I was walking back to work after lunch when I realized that the holly tree in front of Patchwork was flapping and fluttering. It looked like a monster. It was full of hundreds of robins and hundreds more were waiting in the trees. They’d dive in, flap their way to some berries, and then they would explode out again whenever a car drove by or they were otherwise startled. I wouldn’t say I was afraid of birds, but it was creepy getting close to the tree.
Holly berries have to go through a series of freezes and thaws before birds can eat them, and apparently they were finally ready to eat. Just prior to that, they’d made really lovely photos in the snow! As the birds ate, holly leaves fell all over the ground. Eventually there was a thick blanket of them that other birds picked through to make sure no valuable nutrition was left behind. When the birds were gone, so were all the berries.
2018 started out with an icy cold blast that wouldn’t stop. On the coldest night my thermometer hit -1. That cold stuck around for over two weeks, but we thankfully had a warm home to be in. The furnace created an impressive stalagmite under the exhaust pipe. I thought it was interesting to see all the differently shaped furnace stalagmites around the neighborhood.
After a brief break from the frigid cold (one day the high was in the 60’s) we got a nice little snowstorm with 4″ – 5″ of photogenic snow. Frigid temperatures have returned with it, so the snow will be sticking around for a few more days. It looks festive, but our cars are completely stuck.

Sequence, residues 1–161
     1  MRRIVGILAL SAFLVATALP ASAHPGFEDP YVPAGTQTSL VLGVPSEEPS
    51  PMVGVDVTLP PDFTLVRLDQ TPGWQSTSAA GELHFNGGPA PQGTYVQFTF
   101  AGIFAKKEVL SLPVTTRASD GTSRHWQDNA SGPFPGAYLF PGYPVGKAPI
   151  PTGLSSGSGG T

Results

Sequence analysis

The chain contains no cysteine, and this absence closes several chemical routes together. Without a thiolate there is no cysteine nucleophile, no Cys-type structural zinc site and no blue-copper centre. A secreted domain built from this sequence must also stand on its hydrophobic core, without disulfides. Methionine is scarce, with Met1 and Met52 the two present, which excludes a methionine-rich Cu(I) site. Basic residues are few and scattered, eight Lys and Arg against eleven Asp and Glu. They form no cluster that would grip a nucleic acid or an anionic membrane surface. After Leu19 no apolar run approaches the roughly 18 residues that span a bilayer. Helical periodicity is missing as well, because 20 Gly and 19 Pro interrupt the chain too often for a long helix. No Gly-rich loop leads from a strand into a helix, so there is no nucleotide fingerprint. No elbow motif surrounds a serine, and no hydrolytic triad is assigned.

I’m sure the cats don’t know how good they have it. They’ve been spending a lot of time by the heat vents and on their heated cat beds. In between they have play time and Perry does his all-important laundry inspection. They’ve also thoroughly loved watching the throngs of birds at the feeders trying to survive the cold. I’d failed to stock up on the safflower seeds that the cardinals and other bigger birds eat, so I made an emergency run to Rural King today so I wouldn’t run out. The cats were very happy that their “stories” went uninterrupted.
Last week I got a window bird feeder for the Ladies. The birds finally found it yesterday, and Lady Ygraine quickly found the birds. They haven’t been back since she lunged at the window, but she’s eagerly awaiting their return. The sales woman at Wild Birds Unlimited assured me that she has a the same feeder and a cat and eventually the birds learn that the cats won’t get them. I hope so!
Here’s a slideshow of the first two weeks of 2018. Click on any photo for a larger image and a description.
Everything is pretty well tucked in and dormant in my garden. We’ve had several blasts of frigid air and surely many more will descend on us before spring. Really, winter has barely arrived.